3. Banks, that know how to finance market-rate homes, but not affordable ones;
4. NGOs, that provide housing to underserved populations, but don't know how to do it in a way that is sustainable both in implementation (we can't give everyone a house) and in practice (gifting a house doesn't mean that the people who receive it will be able to maintain or keep it).

However, in many housing systems around the world, these processes are often disjointed and broken. The field urgently needs more research, funding, and innovation.

At AHI, we believe in fixing these systems. We believe in turning slums into assets, and we are committed to transforming the lives of the global urban poor.

AHI tackles housing challenges with the following approach:

We understand housing through an ecosystem lens...

• We approach housing as a complex ecosystem in which there are two value chains: one each on the supply and demand side. People are housed when the output of the supply side (a physical home) meets the output of the demand side (a loan).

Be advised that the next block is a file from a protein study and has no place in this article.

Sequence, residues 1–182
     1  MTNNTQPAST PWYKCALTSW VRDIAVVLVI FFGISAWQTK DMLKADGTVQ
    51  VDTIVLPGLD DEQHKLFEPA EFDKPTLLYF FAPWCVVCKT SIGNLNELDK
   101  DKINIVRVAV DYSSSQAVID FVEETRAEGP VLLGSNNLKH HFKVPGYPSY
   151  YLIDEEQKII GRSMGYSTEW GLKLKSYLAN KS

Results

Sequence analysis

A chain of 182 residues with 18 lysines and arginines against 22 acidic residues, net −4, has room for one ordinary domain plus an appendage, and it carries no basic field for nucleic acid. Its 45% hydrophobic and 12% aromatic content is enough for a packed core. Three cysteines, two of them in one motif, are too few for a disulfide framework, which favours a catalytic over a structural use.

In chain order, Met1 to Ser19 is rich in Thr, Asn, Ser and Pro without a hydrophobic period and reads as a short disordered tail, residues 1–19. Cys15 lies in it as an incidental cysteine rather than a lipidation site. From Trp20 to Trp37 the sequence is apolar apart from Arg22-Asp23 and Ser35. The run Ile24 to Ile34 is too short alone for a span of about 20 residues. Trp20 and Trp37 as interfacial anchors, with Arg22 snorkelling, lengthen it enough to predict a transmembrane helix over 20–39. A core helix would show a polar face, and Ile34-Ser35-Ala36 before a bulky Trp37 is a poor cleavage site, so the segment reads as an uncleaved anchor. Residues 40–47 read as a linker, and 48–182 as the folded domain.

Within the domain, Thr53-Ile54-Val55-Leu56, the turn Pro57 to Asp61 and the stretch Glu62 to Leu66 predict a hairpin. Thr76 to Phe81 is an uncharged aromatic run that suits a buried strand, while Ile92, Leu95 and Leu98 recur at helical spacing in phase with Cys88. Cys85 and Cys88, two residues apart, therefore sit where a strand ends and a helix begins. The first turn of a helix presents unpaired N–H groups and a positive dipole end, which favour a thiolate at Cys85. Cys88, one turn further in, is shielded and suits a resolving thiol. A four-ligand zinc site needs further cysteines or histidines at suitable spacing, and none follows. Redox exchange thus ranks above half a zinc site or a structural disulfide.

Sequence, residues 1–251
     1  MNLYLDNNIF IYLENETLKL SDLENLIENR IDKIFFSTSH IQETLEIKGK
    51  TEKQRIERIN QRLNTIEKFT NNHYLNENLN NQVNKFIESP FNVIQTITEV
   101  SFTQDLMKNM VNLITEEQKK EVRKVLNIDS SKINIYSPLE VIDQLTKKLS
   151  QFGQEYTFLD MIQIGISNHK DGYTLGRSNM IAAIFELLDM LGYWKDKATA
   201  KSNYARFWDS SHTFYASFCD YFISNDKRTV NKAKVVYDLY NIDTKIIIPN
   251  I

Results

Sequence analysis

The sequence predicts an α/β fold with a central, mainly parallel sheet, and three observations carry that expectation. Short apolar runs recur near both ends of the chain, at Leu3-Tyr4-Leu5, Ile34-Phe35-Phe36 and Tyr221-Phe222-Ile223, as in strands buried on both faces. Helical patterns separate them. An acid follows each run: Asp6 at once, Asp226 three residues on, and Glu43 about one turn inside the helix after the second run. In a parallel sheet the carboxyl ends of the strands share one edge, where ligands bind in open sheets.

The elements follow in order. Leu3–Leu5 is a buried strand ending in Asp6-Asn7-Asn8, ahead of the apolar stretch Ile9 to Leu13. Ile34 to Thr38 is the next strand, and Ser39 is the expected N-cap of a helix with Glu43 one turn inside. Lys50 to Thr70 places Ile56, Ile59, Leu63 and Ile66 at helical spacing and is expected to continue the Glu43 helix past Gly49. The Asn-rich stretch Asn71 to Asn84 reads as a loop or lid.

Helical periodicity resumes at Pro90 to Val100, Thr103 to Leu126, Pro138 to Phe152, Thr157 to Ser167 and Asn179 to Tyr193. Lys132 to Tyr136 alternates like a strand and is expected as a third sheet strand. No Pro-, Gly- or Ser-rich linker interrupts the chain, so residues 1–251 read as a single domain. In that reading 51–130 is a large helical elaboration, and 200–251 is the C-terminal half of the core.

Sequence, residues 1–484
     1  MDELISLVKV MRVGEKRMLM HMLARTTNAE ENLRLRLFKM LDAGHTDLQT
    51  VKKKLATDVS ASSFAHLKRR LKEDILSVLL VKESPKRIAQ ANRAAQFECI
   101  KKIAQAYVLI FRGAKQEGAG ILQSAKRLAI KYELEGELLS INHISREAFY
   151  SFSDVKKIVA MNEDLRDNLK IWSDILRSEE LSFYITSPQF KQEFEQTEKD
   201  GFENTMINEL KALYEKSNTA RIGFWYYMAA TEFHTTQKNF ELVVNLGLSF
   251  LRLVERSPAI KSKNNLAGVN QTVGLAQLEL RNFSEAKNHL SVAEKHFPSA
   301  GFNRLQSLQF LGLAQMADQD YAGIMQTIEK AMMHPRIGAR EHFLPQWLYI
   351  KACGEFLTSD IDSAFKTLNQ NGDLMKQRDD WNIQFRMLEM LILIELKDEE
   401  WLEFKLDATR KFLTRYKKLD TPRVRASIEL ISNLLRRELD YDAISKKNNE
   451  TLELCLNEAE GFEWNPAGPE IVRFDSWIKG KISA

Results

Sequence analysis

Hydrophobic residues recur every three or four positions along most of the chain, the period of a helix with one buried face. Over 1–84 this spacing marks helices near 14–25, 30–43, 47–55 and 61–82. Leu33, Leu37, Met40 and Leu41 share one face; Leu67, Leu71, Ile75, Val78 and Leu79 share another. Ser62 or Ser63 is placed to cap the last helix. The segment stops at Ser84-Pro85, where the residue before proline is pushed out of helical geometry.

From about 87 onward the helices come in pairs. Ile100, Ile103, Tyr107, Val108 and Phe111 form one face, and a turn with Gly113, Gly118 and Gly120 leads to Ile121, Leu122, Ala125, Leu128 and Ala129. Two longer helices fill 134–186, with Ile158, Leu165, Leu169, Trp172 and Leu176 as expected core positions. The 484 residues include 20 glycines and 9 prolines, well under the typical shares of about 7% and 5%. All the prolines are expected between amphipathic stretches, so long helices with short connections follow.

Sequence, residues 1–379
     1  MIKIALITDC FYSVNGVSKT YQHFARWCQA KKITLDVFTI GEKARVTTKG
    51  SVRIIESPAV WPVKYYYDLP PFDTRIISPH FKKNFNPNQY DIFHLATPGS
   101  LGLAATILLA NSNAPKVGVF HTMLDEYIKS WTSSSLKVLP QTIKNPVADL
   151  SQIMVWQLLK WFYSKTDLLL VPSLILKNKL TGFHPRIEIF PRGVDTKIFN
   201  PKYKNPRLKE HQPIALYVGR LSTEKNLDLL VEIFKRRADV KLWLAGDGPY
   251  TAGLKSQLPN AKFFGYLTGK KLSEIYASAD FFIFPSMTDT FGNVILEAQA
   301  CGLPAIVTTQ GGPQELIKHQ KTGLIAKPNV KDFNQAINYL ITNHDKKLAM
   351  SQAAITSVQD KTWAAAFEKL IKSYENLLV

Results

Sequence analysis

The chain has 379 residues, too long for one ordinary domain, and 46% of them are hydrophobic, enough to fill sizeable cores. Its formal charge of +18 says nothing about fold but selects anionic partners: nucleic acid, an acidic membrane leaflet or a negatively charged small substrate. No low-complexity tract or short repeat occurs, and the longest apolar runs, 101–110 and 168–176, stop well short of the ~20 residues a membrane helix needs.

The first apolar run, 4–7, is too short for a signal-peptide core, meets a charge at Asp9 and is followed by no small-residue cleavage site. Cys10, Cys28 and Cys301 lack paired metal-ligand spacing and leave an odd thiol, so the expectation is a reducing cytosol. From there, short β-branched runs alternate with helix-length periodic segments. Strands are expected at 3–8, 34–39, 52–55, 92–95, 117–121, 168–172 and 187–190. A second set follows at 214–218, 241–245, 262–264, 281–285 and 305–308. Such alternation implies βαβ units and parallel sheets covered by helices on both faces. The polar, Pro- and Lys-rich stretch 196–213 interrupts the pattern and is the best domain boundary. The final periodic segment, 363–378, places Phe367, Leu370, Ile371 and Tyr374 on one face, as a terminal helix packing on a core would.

• Analyzing these value chains at a country or city level allows us to pinpoint where there are weaknesses and opportunities, and develop targeted solutions that address the total disabling environment.

We harness global best practices to design locally tailored products...

• We have worked in over 25 countries in Latin America, the Middle East, Asia, Africa, Europe, and North America. We speak Vietnamese, Arabic, French, Kreyol, Spanish, Hindi, and Korean, among others. We tap into a wide network of on-the-ground associates and retain connections to housing organizations around the world.

• With every project, we look to our international housing experiences for guidance and insight, but expertly tailor our products to the country, municipality, or neighborhood context.

We combine a diversity of technical perspectives and skills...

• Housing, unlike other basic needs, is a highly technical product. Understanding housing means understanding how a house is designed, built, financed, regulated, and subsidized.

• That is why the AHI team is composed of designers, architects, urban planners, real estate developers, development economists, public servants, and investment bankers. We understand housing from start to finish, and we speak the lingo of each discipline with ease. We possess the best of global public and private sector experience in policy, finance, and design. Overall, we work together to provide comprehensive solutions to our clients' needs and the field's most pressing issues.